In the Media: Nursing Champion Calls on Hollywood to Portray Realities of Nursing
This is part of the August 2014 issue of Sharing Nursing’s Knowledge.
The TV is a funhouse mirror—at least when it comes to its portrayals of nurses.
That’s the view of Leah Binder, MA, MGA, president and CEO of the Leapfrog Group, a national organization that promotes quality and safety in hospitals, and a member of the Future of Nursing: Campaign for Action’s Champion Nursing Coalition.
In a recent essay in the Wall Street Journal’s The Experts blog, Binder says television medical shows badly distort everyday life in hospitals and health care facilities. “Tune to your favorite hospital drama and count how many characters are nurses and how many are doctors,” she writes. “More likely than not, you will find about 10 doctors for every one nurse. The reality is roughly the opposite: There are about 10 times more nurses than physicians in the hospital down the street from you. Most of what hospitals do is deliver expert nursing care.”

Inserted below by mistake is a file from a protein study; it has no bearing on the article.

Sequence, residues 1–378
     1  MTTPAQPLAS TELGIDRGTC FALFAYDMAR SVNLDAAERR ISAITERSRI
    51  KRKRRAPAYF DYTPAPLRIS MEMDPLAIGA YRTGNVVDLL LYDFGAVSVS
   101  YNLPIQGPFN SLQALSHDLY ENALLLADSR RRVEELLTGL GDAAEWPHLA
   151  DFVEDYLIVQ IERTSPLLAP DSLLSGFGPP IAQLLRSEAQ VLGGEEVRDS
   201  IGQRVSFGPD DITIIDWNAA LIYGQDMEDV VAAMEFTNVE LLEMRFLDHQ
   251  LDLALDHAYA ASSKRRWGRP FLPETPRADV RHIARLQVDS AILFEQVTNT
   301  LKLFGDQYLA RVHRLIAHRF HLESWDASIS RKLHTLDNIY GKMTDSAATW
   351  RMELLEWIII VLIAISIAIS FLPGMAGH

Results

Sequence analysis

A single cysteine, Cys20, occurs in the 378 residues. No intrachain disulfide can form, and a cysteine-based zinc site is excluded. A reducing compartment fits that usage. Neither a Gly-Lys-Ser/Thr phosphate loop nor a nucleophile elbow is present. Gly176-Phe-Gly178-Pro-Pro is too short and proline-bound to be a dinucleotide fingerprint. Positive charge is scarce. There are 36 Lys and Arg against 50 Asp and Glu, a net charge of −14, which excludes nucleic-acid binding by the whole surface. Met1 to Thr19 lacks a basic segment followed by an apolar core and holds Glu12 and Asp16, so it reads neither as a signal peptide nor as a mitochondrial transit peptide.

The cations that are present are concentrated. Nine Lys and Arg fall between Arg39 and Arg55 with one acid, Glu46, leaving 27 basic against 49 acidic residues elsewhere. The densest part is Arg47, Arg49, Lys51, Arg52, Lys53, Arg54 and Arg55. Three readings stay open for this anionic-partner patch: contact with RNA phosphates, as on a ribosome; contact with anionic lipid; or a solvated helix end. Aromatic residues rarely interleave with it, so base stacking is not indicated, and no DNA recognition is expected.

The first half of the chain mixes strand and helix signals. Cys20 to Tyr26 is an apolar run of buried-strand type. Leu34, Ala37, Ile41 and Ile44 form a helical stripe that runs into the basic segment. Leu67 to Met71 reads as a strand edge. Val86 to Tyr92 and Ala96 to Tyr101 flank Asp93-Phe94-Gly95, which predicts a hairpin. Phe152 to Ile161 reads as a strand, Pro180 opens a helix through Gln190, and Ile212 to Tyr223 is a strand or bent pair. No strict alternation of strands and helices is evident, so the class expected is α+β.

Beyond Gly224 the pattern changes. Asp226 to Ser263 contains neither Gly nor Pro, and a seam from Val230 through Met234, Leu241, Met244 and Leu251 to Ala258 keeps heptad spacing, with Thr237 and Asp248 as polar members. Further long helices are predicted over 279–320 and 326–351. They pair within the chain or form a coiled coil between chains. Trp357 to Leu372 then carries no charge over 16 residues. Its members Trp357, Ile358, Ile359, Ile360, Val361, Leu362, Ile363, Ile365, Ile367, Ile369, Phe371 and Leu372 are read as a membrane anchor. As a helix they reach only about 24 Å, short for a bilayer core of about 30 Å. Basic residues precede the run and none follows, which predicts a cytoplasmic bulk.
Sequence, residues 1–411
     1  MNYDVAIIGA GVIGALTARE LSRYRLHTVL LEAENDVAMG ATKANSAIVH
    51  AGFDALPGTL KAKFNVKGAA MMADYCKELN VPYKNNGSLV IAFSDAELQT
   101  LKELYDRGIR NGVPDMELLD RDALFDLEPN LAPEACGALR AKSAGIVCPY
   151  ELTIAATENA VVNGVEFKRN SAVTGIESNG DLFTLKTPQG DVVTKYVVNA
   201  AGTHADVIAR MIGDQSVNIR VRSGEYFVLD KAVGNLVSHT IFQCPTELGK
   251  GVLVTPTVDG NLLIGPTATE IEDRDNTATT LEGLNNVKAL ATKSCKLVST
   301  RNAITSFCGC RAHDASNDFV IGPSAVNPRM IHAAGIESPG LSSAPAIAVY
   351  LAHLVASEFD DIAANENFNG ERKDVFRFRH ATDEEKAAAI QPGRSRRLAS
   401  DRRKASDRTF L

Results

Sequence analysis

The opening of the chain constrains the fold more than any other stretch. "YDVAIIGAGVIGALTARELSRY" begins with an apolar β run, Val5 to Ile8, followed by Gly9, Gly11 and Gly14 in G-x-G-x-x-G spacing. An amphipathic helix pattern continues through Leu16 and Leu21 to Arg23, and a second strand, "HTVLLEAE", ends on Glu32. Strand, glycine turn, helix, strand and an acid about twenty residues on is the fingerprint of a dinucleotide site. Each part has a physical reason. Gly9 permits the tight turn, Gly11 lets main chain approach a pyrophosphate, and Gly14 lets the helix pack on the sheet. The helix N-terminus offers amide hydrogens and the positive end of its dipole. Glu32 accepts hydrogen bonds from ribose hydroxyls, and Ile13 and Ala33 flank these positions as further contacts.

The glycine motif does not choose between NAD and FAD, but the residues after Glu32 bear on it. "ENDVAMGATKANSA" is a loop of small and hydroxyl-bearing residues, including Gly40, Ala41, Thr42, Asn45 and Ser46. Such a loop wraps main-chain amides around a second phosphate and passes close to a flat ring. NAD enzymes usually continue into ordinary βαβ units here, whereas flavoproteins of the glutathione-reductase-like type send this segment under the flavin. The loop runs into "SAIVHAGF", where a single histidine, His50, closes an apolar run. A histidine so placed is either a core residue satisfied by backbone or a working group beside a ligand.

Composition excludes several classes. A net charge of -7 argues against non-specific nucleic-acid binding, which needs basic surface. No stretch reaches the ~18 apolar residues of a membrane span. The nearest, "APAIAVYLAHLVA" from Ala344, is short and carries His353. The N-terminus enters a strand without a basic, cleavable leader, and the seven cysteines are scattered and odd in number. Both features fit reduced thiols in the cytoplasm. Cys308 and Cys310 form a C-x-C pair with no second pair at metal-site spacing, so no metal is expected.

These types of media-inspired distortions, she writes, cause confusion and dismay among health care consumers and may discourage young people from pursuing nursing as a profession at a time when more nurses are needed to combat looming shortages.
The entertainment industry, she writes, must “acknowledge the actual work of nurses. ... The best and the brightest young people might think from watching TV that it’s a waste of their talents to aspire to a career in nursing, but we need them! We also need to reverse the nursing shortage.”